Two days after Jerome Powell's nomination hearing, President Biden's pick to replace the (now disgraced) Richard Clarida will take her turn in the hot seat on Thursday. Fed Governor Lael Brainard will appear before Senate Banking Thursday for a grilling by lawmakers before they vote on President Biden's pick to be the next vice chair of the Federal Reserve.
The big question, of course, is... will she admit to being a 'capitalist'?
Brainard released her prepared remarks last night, and like Powell before her, she promised to protect the working people of this country from the ravages of inflation (inflation that the Fed, of course, helped to unleash with its policies).
Deep into her testimony, Brainard says she would "bring a considered and independent voice to [the Fed's] deliberations, drawing on insights from working people, businesses, financial institutions, and communities—large and small—across the country. I will support policies that are in the interests of the American people and based on the law and careful analysis of the evidence."
Like Powell, Brainard also decried the pernicious affect of inflationary pressures that are particularly squeezing working- and middle-class Americans. According to the NYT, Brainard is likely to see "considerable" support among Democrats, and possibly even attract some Republican votes.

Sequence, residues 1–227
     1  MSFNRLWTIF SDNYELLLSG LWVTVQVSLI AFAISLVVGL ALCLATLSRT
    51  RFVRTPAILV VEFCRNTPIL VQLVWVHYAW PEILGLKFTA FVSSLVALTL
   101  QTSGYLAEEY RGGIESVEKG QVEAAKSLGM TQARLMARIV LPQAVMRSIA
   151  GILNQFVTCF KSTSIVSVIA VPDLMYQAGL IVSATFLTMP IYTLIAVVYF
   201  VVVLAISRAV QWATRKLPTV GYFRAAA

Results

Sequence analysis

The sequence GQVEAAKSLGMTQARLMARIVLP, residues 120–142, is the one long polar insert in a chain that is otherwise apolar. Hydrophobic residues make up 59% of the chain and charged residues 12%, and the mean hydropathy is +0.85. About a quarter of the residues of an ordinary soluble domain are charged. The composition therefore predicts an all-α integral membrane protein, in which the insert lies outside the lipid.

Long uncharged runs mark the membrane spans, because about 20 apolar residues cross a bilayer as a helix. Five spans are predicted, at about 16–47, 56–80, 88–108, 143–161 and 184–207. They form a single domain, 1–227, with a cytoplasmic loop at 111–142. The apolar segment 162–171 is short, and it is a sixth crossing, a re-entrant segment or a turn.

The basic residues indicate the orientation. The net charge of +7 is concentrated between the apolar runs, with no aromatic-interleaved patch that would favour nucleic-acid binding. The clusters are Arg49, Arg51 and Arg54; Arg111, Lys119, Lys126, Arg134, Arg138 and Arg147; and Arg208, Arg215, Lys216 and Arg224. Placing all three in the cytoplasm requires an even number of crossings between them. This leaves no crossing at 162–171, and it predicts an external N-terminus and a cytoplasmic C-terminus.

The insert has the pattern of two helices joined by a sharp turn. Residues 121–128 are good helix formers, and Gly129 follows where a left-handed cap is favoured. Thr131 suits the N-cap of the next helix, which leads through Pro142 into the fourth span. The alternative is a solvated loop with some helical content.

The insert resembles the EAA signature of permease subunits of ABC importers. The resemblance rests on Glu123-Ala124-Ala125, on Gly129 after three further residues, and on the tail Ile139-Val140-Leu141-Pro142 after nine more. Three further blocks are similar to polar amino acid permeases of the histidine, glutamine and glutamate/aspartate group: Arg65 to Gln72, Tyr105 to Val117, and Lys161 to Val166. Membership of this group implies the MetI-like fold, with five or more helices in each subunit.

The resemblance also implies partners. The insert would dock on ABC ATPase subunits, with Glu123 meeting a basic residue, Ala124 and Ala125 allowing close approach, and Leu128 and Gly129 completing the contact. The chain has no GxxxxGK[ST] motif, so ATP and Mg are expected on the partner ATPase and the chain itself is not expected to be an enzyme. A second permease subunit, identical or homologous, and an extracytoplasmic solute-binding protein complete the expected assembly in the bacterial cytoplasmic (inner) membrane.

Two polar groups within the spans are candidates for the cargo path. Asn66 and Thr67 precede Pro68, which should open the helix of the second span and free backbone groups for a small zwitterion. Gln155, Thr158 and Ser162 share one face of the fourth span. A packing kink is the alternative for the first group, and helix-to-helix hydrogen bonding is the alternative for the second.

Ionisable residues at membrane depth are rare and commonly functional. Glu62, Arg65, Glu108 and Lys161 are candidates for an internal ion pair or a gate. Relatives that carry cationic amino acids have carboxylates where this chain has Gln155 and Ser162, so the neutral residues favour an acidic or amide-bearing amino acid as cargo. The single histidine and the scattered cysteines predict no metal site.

As for being "independent," Brainard has become known as one of the most reliably dovish voices on the FOMC. Although it looks like even the most dovish among the senior Fed officials recognizes that it's long past time to raise rates if they truly want to tame inflationary pressures that have emerged to vex the American economy.
During her hours-long testimony, Brainard will likely face a barrage of questions on a wide range of topics, everything from her view on the economy, to what's causing inflation. Perhaps some Republican will force Brainard to go on the record by asking the longtime government worker whether she wholeheartedly supports American capitalism?
Markets are increasingly pricing in the likelihood of a Fed rate hike in March, plus an additional 3 (or perhaps even 4) more hikes before the end of the year.
Brainard added that her "priority" would be to protect the gains we have made and support a full recovery."
Readers can find the full remarks below: